Rauwolscine

Rauwolscine

Rauwolscine
Systematic (IUPAC) name
17α-hydroxy-20α-yohimban-16β-carboxylic acid methyl ester
Clinical data
Legal status
  • Uncontrolled
Routes Oral
Identifiers
CAS number  N 6211-32-1 (HCl)
ATC code None
PubChem
IUPHAR ligand
ChemSpider  YesY
ChEBI  YesY
ChEMBL  YesY
Chemical data
Formula C21H26N2O3 
Mol. mass 354.44 g/mol
 N   

Rauwolscine, also known as isoyohimbine, α-yohimbine, and corynanthidine, is an alkaloid found in various species within the genera Rauwolfia and Pausinystalia (formerly known as Corynanthe).[1] It is a stereoisomer of yohimbine.[1] Rauwolscine is a central nervous system stimulant, a local anesthetic and a vague aphrodisiac.[1]

Rauwolscine acts predominantly as a α2-adrenergic receptor antagonist.[2] [3]It has also been shown to function as a 5-HT1A receptor partial agonist and 5-HT2A and 5-HT2B receptor antagonist.[4][5][6]

See also

References

  1. ^ a b c KOHLI JD, DE NN (June 1956). "Pharmacological action of rauwolscine". Nature 177 (4521): 1182.  
  2. ^ Perry BD, U'Prichard DC (December 1981). "[3H]rauwolscine (alpha-yohimbine): a specific antagonist radioligand for brain alpha 2-adrenergic receptors". European Journal of Pharmacology 76 (4): 461–4.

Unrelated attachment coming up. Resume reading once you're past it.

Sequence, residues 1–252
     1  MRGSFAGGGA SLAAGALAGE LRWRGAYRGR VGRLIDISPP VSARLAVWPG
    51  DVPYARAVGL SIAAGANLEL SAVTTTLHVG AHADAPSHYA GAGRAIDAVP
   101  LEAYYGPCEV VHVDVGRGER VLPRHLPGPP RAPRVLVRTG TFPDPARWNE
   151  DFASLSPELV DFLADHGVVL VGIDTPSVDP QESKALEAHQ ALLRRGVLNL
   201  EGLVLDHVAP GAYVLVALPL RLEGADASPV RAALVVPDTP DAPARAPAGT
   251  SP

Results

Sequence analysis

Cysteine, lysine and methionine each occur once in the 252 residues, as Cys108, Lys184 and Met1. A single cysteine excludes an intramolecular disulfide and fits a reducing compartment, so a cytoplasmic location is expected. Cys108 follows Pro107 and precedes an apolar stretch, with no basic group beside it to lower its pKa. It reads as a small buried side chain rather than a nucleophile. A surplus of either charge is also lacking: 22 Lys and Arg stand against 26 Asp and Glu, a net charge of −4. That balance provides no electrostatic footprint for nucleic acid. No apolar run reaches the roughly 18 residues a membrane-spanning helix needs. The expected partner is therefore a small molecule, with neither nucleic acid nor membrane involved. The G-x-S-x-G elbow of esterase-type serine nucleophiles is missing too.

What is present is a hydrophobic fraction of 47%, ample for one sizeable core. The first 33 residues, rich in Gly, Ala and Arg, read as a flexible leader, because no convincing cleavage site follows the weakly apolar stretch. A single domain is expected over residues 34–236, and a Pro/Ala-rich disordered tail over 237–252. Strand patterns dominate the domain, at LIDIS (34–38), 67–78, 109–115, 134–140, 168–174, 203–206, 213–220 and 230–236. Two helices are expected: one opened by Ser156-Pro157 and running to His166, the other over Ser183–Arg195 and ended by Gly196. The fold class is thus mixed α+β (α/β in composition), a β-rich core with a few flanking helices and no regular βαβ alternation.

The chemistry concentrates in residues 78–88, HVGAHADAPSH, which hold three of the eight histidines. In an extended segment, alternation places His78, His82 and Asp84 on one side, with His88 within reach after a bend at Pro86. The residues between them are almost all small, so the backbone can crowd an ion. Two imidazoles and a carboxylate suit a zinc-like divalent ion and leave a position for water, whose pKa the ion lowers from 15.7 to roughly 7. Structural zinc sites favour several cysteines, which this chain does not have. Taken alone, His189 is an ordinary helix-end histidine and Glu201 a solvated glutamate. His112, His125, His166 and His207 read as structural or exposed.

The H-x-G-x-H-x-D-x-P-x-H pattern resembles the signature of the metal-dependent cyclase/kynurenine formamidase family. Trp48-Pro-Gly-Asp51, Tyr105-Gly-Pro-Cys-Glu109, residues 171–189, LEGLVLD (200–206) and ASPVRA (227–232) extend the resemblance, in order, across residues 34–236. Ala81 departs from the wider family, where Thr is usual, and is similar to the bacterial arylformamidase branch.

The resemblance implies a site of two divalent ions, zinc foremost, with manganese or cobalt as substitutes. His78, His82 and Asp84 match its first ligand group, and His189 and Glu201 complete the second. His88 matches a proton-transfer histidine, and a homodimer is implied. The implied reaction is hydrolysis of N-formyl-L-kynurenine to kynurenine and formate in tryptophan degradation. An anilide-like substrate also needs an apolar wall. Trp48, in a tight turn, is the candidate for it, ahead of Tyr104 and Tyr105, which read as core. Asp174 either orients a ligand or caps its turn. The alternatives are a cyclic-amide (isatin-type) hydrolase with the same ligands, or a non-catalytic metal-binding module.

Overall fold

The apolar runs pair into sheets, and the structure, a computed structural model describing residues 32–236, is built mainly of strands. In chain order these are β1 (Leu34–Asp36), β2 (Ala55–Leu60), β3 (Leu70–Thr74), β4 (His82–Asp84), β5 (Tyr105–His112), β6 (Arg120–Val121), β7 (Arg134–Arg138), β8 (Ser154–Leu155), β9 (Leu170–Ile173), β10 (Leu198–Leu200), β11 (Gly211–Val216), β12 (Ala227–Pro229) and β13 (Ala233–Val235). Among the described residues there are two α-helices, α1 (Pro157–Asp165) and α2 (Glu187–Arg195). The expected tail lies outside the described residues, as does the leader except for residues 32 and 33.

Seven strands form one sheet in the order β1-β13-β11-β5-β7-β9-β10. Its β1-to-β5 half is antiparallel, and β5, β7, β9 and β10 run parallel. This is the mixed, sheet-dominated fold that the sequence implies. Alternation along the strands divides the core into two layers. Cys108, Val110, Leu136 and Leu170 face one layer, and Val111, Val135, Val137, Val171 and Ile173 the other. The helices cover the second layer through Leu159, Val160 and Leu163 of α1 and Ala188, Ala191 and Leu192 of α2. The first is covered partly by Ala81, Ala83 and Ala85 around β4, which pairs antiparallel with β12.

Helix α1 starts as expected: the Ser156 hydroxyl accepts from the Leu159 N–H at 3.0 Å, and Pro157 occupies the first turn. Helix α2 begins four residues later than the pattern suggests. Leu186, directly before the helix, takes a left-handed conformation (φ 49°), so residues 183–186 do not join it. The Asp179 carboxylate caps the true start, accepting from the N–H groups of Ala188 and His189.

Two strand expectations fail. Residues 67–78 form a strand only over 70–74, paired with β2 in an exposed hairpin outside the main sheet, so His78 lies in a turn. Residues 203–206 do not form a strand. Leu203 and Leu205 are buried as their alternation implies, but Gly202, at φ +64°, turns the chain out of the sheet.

3. ^ Kou Qin, Pooja R. Sethi and Nevin A. Lambert (August 2008). "Abundance and stability of complexes containing inactive G protein-coupled receptors and G proteins". The FASEB Journal 22 (8): 2920–2927.  
  4. ^ Arthur JM, Casañas SJ, Raymond JR (June 1993). "Partial agonist properties of rauwolscine and yohimbine for the inhibition of adenylyl cyclase by recombinant human 5-HT1A receptors".  
  5. ^ Kaumann AJ (June 1983). "Yohimbine and rauwolscine inhibit 5-hydroxytryptamine-induced contraction of large coronary arteries of calf through blockade of 5 HT2 receptors". Naunyn-Schmiedeberg's Archives of Pharmacology 323 (2): 149–54.  
  6. ^ Wainscott DB, Sasso DA, Kursar JD, Baez M, Lucaites VL, Nelson DL (January 1998). "[3H]Rauwolscine: an antagonist radioligand for the cloned human 5-hydroxytryptamine2b (5-HT2B) receptor". Naunyn-Schmiedeberg's Archives of Pharmacology 357 (1): 17–24.